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July Bug of the Month: The Trico

It’s that time of the year that all fly fishers eagerly await. The time when we squint our eyes and frantically throw size 24 dry flies to rising trout. Topping our list of “the most enjoyable dry fly for July” is the Trico — Tricorythode. This little mayfly is our perennial choice for July’s Bug of the Month.

PC: Les Korcala and The Missoulian Angler

The 4-1-1

Probably the biggest controversy surrounding the Trico is the pronunciation of its name. While some argue that it should be pronounced TREE-co, others argue it should be pronounced TRY-co. This latter group, we will call them “the correct ones,” cite other words that begin with “tri-“; for example, children don’t ride a “TREE-cycle.” Photographers don’t set up a “TREE-pod.” Regardless of how you pronounce it, almost all anglers agree on the effectiveness of this pattern.

The Trico is a small mayfly prevalent from about mid-July to late September. Small in size, ranging from 3-7 millimeters in length. Tricos become a staple on most every cold river in the west. On the South Platte, the Trico becomes the preferred summer meal of trout. These hatches can be so intense that their swarms look like smoke above the river. Their small size is offset by the sheer number when they begin to hatch. Because of the density of these hatches, they tend to lure all of the trout to the top of the feeding column on the river.

Tricos appear in a thick cloud above this angler. PC: Dave Herber

Tricos prefer cold water and silty, weedy areas in deeper pools on the river. The hatches are fairly predictable, with water and air temperature being the key to the hatch. Early morning to mid-morning is typically the best time to witness these hatches. This is followed by the “spinner fall” when most of the feeding occurs. The Tricos fall mercilessly to the surface of the river, often collecting in eddies and kicking off a massive feeding frenzy.

How to Fish the Trico

Covey Guide, Brian Hilbert, offers some tips and techniques for fishing the Trico.

Fishing this hatch can be notoriously tough. The fish really seem to key in on certain sizes and life stages of these mayflies. Over the years, on occasion I have personally thrown a bunch of different patterns trying to fool the fish to no avail. Studying the fish and their behavior is important in fishing this hatch. You can time the rises and time your presentation. Take the time to watch the fish before you go hucking flies at them. A little patience can pay huge dividends. I would also suggest having a second rod already rigged with a dry fly/ dry-dropper system. These hatches can turn on and off like the flick of a light switch.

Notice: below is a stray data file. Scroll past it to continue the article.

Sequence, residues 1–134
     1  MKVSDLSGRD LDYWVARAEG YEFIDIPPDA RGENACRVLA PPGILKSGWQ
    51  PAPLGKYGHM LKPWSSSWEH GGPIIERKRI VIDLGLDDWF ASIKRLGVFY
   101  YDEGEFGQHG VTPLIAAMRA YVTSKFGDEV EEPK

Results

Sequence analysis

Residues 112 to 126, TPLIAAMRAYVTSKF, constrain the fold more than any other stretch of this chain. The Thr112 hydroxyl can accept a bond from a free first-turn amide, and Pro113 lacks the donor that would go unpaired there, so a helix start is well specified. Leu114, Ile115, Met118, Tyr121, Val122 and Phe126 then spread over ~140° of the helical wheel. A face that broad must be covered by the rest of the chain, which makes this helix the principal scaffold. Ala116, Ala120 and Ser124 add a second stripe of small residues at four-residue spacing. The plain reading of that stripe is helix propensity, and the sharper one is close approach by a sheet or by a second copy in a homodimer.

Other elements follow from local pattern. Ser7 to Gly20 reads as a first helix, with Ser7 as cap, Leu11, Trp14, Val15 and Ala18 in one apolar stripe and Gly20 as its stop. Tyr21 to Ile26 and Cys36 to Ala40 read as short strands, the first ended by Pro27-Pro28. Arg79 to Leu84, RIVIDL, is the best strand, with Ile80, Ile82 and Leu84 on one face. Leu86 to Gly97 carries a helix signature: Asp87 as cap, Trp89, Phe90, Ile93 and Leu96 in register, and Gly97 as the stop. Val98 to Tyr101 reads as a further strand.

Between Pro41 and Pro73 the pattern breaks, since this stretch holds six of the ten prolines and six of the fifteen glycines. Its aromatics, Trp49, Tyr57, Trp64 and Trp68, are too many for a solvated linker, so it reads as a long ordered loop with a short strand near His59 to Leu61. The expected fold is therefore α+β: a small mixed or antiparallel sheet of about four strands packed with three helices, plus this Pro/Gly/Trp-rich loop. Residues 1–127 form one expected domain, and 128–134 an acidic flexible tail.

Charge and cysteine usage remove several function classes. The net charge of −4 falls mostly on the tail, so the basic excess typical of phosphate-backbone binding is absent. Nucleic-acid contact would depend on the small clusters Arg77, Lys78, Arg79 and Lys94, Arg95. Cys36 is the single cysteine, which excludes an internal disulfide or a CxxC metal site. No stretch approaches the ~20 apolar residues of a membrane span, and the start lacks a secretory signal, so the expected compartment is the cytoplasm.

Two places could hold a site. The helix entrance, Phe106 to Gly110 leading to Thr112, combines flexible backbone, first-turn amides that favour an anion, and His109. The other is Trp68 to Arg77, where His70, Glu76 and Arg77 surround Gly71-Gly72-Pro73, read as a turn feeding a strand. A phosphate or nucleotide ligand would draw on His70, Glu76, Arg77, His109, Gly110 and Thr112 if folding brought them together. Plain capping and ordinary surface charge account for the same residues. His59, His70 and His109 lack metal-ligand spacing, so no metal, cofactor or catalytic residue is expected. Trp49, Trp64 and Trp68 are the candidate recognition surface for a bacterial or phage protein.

Here are a few techniques and patterns I like to use during the Trico hatch. The key is being prepared for each stage of the hatch.

Before the hatch really begins, a standard nymph rig with a black RS2 (size 22-24) will produce success. Green RS2’s can also be electric as they signify the female Trico. In my opinion, the RS2 should always be a staple in your fly box. Small zebra midges often prove to be an effective pattern to fish during this stage.

Black RS2 emergers or a black baetis emerger will signify the emergence stage. The density of these mayflies keeps these nymph patterns “in play” all day long as well.

During the spinner fall, I like to throw a combination of adult Trico dry flies with a spent -wing dropper. A very important thing to look for during the spinner fall: refusals to your flies. If you get a couple of refusals, change your flies! It’s worth the time because when you do discover the hot pattern, you can hook up on almost every cast.

Some Go-To Patterns for Different Stages


  • Black RS2 (size 22-24)
  • RS2 emerger. Whitleys sparkle wing (22-24)
  • Mayhem size 22
  • WD-40, black, size 22

Adult dries

  • Juan’s 180 degree trico (24)
  • Neil’s smokejumper size 22
  • Vis-a-dun, black, size 22

Spent wings

  • Engle’s drowned trico (pictured; 22-24)
  • Sunken Trico Spinner (read more on Orvis News)
  • Poly spinner (22-both male and female)

How To Tie the Trico

Juan’s Traditional RS2

Tying the Trico with Juan Ramirez.

Check out this video for instructions on how to tie the Sunken Trico Spinner.

ED Engle walks us through his Drowned Trico.

I hope you can get out and enjoy one of the most fun dry fly events of the year. The Trico hatch can be extremely rewarding when you take the time to figure it out. Please stop by the shop and we would be happy to show you these patterns or just talk Trico’s.


  1. John Winters on July 22, 2022 at 3:31 pm

    I’ve not ever caught a fish on a Trico! These tips will end that drought!!

    • Jon Easdon on July 30, 2022 at 7:12 am

      John. Please let us know if you have any questions. We hope you find success!!

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